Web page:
Books of the Year 2020

I’ve read more books this year than I’ve ever read in a year before. It’s been a very strange time, but these are the books published this year that have resonated with me.

This Mournable Body – Tsitsi Dangarembga (Faber)

Tambudzai’s life is not going how she expected. In her 30s, living in a hostel, unemployed, in a country that’s hostile, there are multiple structural barriers preventing her progress. An examination of a woman and a country. A masterpiece. Longer review here.

Love After Love – Ingrid Persaud (Faber)

A woman widowed from her abusive husband; her young son, and a gay man hiding his sexuality. Their bond asks the question what really makes a family? Betty, Solo and Mr Chetan have lived in my head since I read this in the first half of the year. Gorgeous. Longer review here.

So We Can Glow – Leesa Cross-Smith (Grand Central)

Cross-Smith’s latest short story collection celebrates women and girls. Their triumphs, their tribulations, their crushes, their loves, the way they support each other to rebuild themselves and their lives. The language and the characters fizz. Longer review here.

The Meaning of Mariah Carey – Mariah Carey with Michaela Angela Davis (Macmillan)

It shouldn’t really be a surprise that Carey’s memoir isn’t your average celebrity memoir. Open, honest and reflective, Carey looks at her traumatic childhood, her marriage to Tommy Mottola and her career. A fascinating insight into who she is and how she became one of the most successful singers in the world.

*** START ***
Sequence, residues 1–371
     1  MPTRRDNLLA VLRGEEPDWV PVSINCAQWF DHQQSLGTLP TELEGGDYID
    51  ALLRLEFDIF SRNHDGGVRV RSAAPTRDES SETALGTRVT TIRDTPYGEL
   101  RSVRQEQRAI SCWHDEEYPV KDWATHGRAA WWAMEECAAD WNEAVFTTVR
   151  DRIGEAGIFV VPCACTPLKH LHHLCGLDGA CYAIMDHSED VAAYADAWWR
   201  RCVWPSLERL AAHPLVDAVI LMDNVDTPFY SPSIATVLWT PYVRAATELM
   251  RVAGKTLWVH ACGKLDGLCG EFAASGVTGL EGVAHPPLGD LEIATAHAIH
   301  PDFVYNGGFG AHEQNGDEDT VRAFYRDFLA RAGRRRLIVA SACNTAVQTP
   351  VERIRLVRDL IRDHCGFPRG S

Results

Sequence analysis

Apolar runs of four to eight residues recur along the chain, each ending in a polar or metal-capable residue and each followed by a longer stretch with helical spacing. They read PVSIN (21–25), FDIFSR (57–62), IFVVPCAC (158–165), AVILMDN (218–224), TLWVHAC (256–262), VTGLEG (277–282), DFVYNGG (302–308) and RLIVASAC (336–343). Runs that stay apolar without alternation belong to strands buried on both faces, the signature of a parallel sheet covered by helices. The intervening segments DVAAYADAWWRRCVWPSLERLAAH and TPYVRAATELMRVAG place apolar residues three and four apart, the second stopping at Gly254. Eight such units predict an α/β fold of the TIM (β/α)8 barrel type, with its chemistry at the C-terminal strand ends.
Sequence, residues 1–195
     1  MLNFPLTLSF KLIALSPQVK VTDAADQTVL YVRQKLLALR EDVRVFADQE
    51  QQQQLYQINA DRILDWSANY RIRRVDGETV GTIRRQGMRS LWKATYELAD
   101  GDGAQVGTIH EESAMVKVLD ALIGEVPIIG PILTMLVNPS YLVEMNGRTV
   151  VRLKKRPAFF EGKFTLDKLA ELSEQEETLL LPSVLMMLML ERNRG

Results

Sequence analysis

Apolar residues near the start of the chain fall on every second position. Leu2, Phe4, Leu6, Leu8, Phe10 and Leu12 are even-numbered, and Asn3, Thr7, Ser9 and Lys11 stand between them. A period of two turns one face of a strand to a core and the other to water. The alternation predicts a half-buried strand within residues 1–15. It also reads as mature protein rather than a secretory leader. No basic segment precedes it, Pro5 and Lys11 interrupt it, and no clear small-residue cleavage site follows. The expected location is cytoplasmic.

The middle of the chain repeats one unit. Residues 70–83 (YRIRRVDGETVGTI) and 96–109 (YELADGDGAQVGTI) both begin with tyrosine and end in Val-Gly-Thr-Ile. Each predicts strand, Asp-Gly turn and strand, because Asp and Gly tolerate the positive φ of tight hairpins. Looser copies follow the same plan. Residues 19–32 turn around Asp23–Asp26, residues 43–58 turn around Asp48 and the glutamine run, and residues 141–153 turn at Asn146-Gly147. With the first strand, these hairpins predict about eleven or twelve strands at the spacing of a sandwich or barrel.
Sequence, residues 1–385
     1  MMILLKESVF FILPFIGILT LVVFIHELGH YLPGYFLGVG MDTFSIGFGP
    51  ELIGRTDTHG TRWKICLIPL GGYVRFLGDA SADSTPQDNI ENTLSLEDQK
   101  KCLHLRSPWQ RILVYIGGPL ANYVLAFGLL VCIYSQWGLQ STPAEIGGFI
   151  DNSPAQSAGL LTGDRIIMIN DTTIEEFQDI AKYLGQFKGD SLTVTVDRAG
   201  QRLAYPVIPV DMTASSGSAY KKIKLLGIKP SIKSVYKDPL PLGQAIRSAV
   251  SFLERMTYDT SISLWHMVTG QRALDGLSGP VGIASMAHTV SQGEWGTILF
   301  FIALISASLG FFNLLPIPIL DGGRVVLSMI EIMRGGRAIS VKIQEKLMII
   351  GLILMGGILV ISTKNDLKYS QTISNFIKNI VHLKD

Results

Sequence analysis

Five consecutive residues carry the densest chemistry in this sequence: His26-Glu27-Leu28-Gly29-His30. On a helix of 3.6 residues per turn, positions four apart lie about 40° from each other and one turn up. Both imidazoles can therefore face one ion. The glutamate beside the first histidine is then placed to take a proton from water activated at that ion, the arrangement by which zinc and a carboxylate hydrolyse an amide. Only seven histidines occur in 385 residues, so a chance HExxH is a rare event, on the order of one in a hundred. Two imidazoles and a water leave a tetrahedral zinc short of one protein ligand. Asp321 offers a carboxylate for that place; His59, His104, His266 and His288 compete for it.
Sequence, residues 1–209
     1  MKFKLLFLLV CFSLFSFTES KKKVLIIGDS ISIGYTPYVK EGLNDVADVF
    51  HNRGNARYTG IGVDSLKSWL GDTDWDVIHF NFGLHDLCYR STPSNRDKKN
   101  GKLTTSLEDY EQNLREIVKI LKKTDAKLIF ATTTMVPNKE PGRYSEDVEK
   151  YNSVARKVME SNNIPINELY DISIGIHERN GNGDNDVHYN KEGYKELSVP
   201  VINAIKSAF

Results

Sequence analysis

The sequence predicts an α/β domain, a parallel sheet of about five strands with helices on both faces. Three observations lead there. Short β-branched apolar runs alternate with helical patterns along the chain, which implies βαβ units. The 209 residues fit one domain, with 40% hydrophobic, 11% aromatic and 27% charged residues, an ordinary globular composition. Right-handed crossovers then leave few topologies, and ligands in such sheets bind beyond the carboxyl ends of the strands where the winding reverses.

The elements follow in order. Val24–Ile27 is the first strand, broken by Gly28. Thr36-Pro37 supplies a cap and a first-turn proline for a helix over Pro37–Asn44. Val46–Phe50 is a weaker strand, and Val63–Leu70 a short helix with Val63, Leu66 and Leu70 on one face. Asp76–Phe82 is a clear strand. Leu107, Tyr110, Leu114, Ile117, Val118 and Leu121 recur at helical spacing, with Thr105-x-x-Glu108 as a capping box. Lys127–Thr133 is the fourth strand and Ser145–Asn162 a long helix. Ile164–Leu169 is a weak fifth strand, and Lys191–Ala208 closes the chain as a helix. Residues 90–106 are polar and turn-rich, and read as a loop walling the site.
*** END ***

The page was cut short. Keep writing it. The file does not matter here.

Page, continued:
The Bass Rock – Evie Wyld (Jonathan Cape)

The story of three women, in three different time periods, lived in the shadow of the Bass Rock. They’re linked by what one of Wyld’s minor characters – the brilliant Maggie – describes as a serial killer: toxic masculinity. Maggie’s idea of a map showing places where women have been killed by men has haunted me all year, as has the final page of the novel. Longer review here.

Hamnet – Maggie O’Farrell (Tinder Press)

Named for Shakespeare’s son who died – probably of plague – and the play that was probably written about Shakespeare’s grief: Hamlet. Really though, this is the story of Agnes (Anne), Shakespeare’s wife. Beautiful and vividly told. O’Farrell’s well-deserved acclaim was long overdue. Longer review here.

Breasts and Eggs – Mieko Kawakami (translated by Sam Bett and David Boyd) (Picador)

A novel in two-parts exploring Natsuko’s sister’s desire for breast implants and then Natsuko’s questions around whether or not she wants a child. An examination of the expectations placed on women from a working class Japanese perspective with a bonus send-up of the literary industry. Longer review here.

In the Dream House – Carmen Maria Machado (Serpent’s Tail)

A ground-breaking memoir of an emotionally abusive, same-gender relationship. It questions notions of the canon through a range of devices and genres while delivering a devastating portrait of domestic abuse. Longer review here.

Postcolonial Love Poem – Natalie Diaz (Faber)

An investigation of the body as a site of trauma and of desire. Diaz connects the body to the land, the water (particularly rivers) and the air, showing how violation of the elements by white Americans has led to irreparable damage. This is also a celebration of queer love and language that elevates and transcends. Longer review here.